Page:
where [itex]x[/itex] is the extension beyond the equilibrium extension at any give time. So the total extension is [itex]x + l[/itex], which is why that expression appears in the term for the spring potential energy.

Now, expand out the final term:

[itex]E_{Total} = 1/2 mv^{2} - mgx + 1/2 kx^{2} + kxl + 1/2 kl^{2}[/itex]

substitute in the expression we calculated for the equilibrium extension, [itex]l[/itex] earlier:

[itex]E_{Total} = 1/2 mv^{2} - mgx + 1/2 kx^{2} + mgx + 1/2 kl^{2}[/itex]

cancel the [itex]mgx[/itex] terms, and we have:

[itex]E_{Total} = 1/2 mv^{2} + 1/2 kx^{2} + 1/2 kl^{2}[/itex]

So now, as you say, we still have three terms instead of two. The first describes the kinetic energy as a function of velocity, and hence of time. The second describes the potential energy as a function of extension from equilibrium, and so also as a function of time. And the final term describes the energy as a function of the equilibrium extension which is a constant in time.

So, in terms of the time evolution of the system, we have got back to a nice, simple, identity:

[itex]1/2 mv^{2} + 1/2 kx^{2}=[/itex] constant

where [itex]x[/itex] is now the extension from equilibrium.

This makes some problems easier to solve.

Vertical spring PE (potential energy) and KE (kinetic energy) are types of energy associated with a vertically oriented spring. PE is the energy stored in the spring when it is stretched or compressed, while KE is the energy of motion when the spring is released.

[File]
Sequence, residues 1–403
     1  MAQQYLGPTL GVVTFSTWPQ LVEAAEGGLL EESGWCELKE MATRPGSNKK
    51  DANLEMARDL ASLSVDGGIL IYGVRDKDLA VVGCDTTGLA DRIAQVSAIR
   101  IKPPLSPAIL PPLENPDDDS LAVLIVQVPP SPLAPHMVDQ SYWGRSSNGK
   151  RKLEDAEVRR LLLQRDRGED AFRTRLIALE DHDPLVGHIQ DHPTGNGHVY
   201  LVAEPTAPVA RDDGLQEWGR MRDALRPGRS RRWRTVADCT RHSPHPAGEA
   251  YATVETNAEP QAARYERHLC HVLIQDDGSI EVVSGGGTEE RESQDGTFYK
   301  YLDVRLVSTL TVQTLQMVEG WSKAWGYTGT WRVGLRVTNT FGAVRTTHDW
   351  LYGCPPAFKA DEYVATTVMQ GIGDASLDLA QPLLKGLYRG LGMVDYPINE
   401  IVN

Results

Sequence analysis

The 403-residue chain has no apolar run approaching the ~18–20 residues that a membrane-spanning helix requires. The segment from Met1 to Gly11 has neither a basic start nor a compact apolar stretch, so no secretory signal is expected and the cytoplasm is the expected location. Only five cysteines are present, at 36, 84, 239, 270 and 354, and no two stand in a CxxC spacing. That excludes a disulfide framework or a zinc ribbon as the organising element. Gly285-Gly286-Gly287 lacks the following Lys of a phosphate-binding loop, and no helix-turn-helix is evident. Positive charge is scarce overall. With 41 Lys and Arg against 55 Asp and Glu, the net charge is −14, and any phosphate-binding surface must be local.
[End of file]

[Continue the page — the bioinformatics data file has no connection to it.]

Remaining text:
The potential energy of a vertically oriented spring can be calculated using the equation PE = 1/2kx^2, where k is the spring constant and x is the displacement of the spring from its equilibrium position. The kinetic energy can be calculated using the equation KE = 1/2mv^2, where m is the mass attached to the spring and v is the velocity of the mass.

The amount of potential energy stored in a vertically oriented spring is affected by the spring constant, the displacement of the spring, and the gravitational force acting on the spring. The kinetic energy is affected by the mass attached to the spring and the velocity of the mass.

Vertical spring PE and KE energy have various applications, such as in shock absorbers, trampolines, and pogo sticks. They are also used in industrial machinery and structures to absorb and release energy in a controlled manner.

Yes, vertical spring PE and KE energy can be converted into other forms of energy, such as thermal energy or sound energy, through different processes. For example, when a spring is compressed and released, some of its energy is converted into sound waves.